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Breakup of USX gets shareholders' OK

U.S. Steel, Marathon Oil units to split by year's end

Friday, October 26, 2001

By Len Boselovic, Post-Gazette Staff Writer

USX shareholders yesterday approved separating the company's U.S. Steel and Marathon Oil units by the end of the year. The vote was one of the last hurdles to breaking up the diversified corporation created when U.S. Steel purchased Marathon nearly two decades ago.

The company said 98 percent of all shareholders voted in favor of the proposal. It will leave U.S. Steel stockholders owning shares of Pittsburgh-based U.S. Steel and Marathon stockholders owning shares of Houston-based Marathon Oil.

U.S. Steel acquired Marathon in 1982, hoping the energy business would provide a cushion for its cyclical steel business. By 1990, takeover artist Carl Icahn and other investors were complaining that USX's stock price was more a reflection of the steel unit's woes than the energy business' potential. So in 1991, USX created separate stocks for U.S. Steel and Marathon, arguing it would increase shareholder value.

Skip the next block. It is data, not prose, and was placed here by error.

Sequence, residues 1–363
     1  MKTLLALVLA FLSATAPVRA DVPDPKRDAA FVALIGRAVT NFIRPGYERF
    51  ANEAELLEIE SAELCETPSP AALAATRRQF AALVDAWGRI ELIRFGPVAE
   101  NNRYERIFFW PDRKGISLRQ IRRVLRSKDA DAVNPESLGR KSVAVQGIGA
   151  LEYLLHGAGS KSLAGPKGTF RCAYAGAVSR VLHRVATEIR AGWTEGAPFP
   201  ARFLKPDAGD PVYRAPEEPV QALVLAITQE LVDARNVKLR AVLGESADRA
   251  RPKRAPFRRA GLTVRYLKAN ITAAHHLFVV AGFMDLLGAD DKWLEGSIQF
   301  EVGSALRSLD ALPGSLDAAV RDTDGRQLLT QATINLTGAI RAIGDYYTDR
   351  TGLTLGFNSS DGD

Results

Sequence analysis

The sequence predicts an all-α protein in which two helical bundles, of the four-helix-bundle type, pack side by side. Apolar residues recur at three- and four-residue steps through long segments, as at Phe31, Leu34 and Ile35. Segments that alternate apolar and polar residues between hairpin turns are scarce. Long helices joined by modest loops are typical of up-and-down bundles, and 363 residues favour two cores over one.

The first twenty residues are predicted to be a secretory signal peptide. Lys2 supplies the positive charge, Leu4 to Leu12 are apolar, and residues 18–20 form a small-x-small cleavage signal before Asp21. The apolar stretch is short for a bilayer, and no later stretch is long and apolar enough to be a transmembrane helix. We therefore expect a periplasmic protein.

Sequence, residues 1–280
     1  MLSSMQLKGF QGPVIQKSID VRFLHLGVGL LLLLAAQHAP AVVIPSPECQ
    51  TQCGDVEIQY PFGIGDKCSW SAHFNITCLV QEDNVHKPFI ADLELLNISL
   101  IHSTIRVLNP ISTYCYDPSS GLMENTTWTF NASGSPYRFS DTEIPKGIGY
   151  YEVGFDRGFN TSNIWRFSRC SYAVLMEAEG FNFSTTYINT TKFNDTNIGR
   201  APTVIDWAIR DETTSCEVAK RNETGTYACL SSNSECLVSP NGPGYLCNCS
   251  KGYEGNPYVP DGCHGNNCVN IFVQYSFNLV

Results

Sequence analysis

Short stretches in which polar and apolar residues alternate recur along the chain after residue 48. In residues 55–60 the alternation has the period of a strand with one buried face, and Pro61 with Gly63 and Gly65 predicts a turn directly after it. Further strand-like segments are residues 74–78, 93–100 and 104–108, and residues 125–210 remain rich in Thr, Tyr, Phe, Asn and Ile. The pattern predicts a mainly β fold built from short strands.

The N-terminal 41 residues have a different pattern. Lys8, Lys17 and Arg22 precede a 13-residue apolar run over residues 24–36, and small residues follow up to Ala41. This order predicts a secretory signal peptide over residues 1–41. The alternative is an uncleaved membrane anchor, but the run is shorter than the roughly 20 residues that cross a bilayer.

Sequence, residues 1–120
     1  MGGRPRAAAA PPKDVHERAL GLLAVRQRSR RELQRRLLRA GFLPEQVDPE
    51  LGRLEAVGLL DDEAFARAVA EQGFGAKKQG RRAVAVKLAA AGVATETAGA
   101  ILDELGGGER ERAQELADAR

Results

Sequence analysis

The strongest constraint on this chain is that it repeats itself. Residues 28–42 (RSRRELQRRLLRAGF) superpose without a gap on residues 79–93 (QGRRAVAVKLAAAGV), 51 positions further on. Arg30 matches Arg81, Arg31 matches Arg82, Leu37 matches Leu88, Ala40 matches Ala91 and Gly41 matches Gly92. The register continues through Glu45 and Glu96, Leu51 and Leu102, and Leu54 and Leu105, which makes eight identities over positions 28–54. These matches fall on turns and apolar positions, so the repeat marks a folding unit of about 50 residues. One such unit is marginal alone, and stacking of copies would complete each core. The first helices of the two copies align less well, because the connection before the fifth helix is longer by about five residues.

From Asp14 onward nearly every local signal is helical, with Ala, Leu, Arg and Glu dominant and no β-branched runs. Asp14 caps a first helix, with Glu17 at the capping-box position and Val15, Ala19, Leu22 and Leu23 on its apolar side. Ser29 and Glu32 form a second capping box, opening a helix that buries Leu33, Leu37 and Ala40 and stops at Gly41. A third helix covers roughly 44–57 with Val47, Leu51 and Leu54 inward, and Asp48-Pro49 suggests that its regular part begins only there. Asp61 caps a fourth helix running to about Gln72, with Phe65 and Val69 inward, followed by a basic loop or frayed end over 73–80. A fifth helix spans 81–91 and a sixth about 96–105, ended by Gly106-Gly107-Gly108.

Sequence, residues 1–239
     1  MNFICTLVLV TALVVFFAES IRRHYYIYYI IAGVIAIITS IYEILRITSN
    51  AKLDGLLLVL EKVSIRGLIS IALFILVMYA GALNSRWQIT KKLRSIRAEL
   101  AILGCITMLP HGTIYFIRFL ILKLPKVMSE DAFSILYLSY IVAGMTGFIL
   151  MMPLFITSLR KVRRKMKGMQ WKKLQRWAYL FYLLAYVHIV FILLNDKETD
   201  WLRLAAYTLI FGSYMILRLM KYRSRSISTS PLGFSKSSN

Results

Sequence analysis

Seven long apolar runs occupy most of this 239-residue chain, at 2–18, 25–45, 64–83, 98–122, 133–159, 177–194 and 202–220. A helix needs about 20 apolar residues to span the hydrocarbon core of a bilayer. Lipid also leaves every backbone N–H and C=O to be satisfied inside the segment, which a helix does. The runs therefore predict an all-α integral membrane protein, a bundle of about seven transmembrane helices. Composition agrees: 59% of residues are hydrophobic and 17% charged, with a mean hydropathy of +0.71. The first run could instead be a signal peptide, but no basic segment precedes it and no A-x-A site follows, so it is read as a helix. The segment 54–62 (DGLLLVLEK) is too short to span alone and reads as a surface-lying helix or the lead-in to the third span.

Good intentions notwithstanding, that's not the way it worked out.

Investors who kept their pre-split USX shares over the next 10 years -- as the biggest bull market in U.S. history exploded, then imploded -- today hold stock certificates that are worth 5 percent less than they were in 1991. If dividends are included, U.S. Steel shares lost about 2 percent annually since the 1991 split while Marathon shares earned an average annual return of about 4 percent.

U.S. Steel shares closed yesterday at $15.40, up 23 cents. Marathon was up 17 cents, finishing at $28.04.

USX Chairman Thomas J. Usher, who will remain chairman of both companies after the split, will get a $6 million bonus from Marathon on the day the separation occurs. He'll get a $3 million bonus from U.S. Steel on the third anniversary of the divorce.

Usher has said the spinoff will create two strong, independent companies. Currently, each company is required to generate its own cash to invest in their business and pay dividends. But their assets and liabilities belong to USX, their corporate parent. The arrangement made Marathon shares less attractive to investors, but gave U.S. Steel better credit terms than it would have merited as a separate company.

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